While not as severe, many elderly Americans are flouting shelter-in-place directives and carrying on as usual. They're hitting stores, visiting family and inviting over friends and neighbors.
Talk to a few of them and they'll tell you there are several reasons why.
For some, it's cabin fever
Alke Muirhead, 95, has been cooped up and she's tired of it. Though increasingly she's staying in, she hit the Trader Joe's in Santa Fe near her home recently. She was thrilled when a worker gave her flowers from the shelf.
Sometimes, Muirhead hops in the car just to drive around. She drops in to visit her daughter-in-law Apple and grandsons Tristan and Trevor. She admits, though, that she's doing so less and less with the stay-at-home restrictions in New Mexico.
"It's good, old-fashioned cabin fever ... it's as simple as that," Muirhead told CNN. "I'm probably super lucky I can still operate on my own and I can drive. It's something that helps because you concentrate."
Some aren't tech savvy
With self-isolation, life has moved online. But Suzy Jennings, 76, is old school. She uses the internet but doesn't know how to order plants, groceries or use online banking.
Earlier this week, the Avondale Estates, Georgia resident hit the bank, then ran other errands. On Friday, she said she was "bad" and went to Lowe's to pick out hostas. That's the second time in as many weeks she hit a nursery for plants.
"I shouldn't have done it over a few hostas," Jennings said. "But everybody was there buying flowers and things."
To keep his mom at home, William Jennings, who lives in New York, is ordering her groceries and having them delivered. He's not yet aware of his mom's latest jaunt.
"The sum of her technical prowess is using her speaker phone and there is no way she could navigate on her own the process of downloading the app, setting up and account ordering ... etc.," he told CNN.
"My mom is quite a strong woman. She's fiercely independent and marches to her own drum. It took her longer than I would have liked for her to understand the severity of the situation. To make matters worse, she is very much a social butterfly."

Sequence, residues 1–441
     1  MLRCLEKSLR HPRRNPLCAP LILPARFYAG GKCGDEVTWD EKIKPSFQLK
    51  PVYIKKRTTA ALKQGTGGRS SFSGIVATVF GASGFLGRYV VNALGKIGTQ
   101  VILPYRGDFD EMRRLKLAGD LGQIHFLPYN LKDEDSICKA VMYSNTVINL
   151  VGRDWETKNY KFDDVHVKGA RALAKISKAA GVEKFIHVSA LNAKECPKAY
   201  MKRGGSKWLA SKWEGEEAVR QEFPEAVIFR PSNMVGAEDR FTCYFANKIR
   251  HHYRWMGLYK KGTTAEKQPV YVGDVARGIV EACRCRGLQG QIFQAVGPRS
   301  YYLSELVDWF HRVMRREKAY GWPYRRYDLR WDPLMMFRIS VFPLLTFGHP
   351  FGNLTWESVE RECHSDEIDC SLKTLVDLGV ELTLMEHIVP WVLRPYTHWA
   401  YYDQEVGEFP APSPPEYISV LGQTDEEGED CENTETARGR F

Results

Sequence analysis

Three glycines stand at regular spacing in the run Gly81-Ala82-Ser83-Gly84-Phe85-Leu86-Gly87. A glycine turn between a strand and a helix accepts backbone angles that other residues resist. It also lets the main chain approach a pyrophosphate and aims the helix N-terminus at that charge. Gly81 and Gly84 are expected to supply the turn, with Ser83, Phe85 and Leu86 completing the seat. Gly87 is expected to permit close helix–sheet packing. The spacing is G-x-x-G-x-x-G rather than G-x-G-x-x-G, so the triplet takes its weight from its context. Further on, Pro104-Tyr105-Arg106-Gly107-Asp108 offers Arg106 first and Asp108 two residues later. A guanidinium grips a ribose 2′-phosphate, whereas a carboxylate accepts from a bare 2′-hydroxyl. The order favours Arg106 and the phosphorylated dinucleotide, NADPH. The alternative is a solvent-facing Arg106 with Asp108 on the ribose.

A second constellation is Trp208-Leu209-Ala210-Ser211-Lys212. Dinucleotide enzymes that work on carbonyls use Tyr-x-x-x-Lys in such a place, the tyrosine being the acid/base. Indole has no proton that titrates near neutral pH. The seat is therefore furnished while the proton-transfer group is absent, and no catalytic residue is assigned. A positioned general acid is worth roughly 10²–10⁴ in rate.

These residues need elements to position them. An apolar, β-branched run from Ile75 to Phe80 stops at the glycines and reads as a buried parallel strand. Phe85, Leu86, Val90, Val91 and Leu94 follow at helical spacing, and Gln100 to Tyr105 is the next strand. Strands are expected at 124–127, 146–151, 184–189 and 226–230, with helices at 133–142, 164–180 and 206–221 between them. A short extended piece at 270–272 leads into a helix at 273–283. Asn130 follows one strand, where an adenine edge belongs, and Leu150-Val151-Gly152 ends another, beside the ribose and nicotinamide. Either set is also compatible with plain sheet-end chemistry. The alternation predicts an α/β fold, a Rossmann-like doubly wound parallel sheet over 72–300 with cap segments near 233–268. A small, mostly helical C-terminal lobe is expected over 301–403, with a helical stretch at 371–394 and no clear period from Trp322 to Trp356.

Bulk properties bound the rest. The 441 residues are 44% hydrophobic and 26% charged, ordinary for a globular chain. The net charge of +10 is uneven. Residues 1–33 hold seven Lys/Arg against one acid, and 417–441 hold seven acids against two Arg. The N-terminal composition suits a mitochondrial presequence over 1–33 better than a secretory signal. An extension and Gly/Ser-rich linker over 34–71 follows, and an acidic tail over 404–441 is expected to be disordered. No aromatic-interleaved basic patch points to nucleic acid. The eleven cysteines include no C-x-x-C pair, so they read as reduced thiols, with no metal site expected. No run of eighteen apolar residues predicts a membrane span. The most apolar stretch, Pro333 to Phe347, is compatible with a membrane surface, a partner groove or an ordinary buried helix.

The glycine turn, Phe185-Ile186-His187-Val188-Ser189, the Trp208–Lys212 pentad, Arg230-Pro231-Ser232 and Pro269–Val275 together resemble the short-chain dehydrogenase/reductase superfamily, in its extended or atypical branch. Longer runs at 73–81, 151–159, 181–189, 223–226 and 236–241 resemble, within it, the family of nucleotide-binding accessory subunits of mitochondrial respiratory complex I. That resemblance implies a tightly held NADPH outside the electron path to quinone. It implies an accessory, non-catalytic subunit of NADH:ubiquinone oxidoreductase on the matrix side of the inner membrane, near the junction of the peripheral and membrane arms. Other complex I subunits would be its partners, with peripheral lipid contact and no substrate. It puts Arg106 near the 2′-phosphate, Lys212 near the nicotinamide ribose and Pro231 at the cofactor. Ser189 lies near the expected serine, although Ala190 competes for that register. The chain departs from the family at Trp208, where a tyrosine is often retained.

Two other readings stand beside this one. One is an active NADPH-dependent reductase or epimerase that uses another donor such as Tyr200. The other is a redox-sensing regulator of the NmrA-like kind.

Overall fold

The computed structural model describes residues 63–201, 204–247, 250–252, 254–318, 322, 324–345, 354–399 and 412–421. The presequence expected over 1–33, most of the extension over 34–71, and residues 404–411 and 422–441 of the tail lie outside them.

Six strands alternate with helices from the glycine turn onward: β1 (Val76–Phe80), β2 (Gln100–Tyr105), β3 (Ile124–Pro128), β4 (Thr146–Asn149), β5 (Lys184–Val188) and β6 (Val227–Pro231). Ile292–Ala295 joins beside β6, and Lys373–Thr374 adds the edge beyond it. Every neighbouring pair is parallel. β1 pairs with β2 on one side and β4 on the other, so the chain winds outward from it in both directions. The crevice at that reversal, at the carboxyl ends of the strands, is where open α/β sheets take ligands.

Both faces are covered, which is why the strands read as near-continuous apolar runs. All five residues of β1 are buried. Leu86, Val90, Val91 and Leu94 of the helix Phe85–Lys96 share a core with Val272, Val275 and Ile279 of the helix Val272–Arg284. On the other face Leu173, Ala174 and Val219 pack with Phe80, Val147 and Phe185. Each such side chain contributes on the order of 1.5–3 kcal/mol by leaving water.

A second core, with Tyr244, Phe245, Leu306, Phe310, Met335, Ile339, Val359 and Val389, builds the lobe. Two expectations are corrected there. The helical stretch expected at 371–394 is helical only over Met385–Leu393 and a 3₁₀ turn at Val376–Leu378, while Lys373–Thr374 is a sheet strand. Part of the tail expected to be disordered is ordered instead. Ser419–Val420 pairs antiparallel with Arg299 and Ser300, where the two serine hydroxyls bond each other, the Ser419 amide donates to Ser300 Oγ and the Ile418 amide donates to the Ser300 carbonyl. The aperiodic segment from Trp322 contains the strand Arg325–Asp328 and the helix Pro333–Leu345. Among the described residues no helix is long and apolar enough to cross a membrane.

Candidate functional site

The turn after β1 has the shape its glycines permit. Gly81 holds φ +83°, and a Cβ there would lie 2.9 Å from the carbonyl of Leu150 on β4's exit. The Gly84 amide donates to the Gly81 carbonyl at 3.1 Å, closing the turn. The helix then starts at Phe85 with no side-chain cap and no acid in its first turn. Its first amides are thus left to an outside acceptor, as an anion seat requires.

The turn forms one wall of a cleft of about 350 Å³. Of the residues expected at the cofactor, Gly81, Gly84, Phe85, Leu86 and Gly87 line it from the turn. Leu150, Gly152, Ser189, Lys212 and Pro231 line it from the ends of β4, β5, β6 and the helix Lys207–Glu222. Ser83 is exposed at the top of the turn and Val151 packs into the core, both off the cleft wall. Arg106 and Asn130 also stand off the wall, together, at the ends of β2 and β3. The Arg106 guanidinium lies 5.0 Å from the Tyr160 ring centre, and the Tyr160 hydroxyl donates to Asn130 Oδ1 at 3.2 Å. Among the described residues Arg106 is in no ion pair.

He might just have more of a bargaining chip.
"My mom has her first grandchild being born this July, so anything I can do to keep her safe and secluded is well worth it."
Some just need human interaction
Of course, Suzy Jennings is concerned about the coronavirus. She knows the risks, admitting she has serious health issues.
But staying social keeps her occupied during the long days. Sometimes, she just sits on her porch and talks to neighbors passing by.
Last week, she took the ultimate chance inviting a neighbor over to drink Prosecco on her porch. Of course they sat six feet apart.
"It went great," she said. "My friend thought it was a great idea to have a change of pace. I consider myself a people and party person. I might just put a few chairs out every night to see if anyone wants to stop and have a glass of wine. A lot of people need that social outlet."
Some are leaving things to chance
"At my age, you better get familiarized with your future," Muirhead said. "I'm already overstaying my welcome so to speak by many years. So if it happens, it happens.
I would hope that if it happens, I would not have to go on any ventilator."
Suzy Jennings said her faith is helping her get through.
"I have faith in God, which gives me a lot of peace in knowing that I need to trust that everything is going to be all right," she said.
For the children, it's a double headache
As for the children of these older adults, they're worried sick. Many think their parents act like teenagers. Nadine Finigan-Carr, a professor at the University of Maryland School of Social Work, said she's hearing all about it from friends. She has an elderly father living in Brooklyn, New York.
"The roles are very much reversed," Finigan-Carr told CNN, adding it's like the old public service commercial from the late 1960s, "It's 10 p.m. Do you know where your children are?"
Tina Muirhead-Walden of Dunwoody, Georgia, is worried about her mom in New Mexico being on her own.
"Once you know that your parents are aware of the dangers and they know what your feelings are, it's really up to them," Muirhead-Walden said. "Our parents, if they are lucky, get to decide how they want to live and die, so I feel I have to respect that decision. I may not like it, but I am at peace with my parents living their lives on their own terms."
Here's how to deal with your parents
Many parents prefer independence if they're still able in body and mind. But there are risks for older people if they're isolated and social distancing.
Dr. Laurie Archbald-Pannone, a geriatrician and professor at the University of Virginia in Charlottesville, Virginia, says it's important to balance social distancing with self-isolation.
"Both are critically important right now," Archbald-Pannone told CNN.
She offers that people should talk more on the phone, get outside and take walks for fresh air and think through how to get essentials, including drugstore and grocery delivery, even if it means asking for help. She suggested trying community-based activities from home.
"That shift of roles is challenging," Archbald-Pannone said. "No one conversation will fix anything. These are ongoing conversations and ongoing discussions centered in love and relationship.
"There's no easy answer."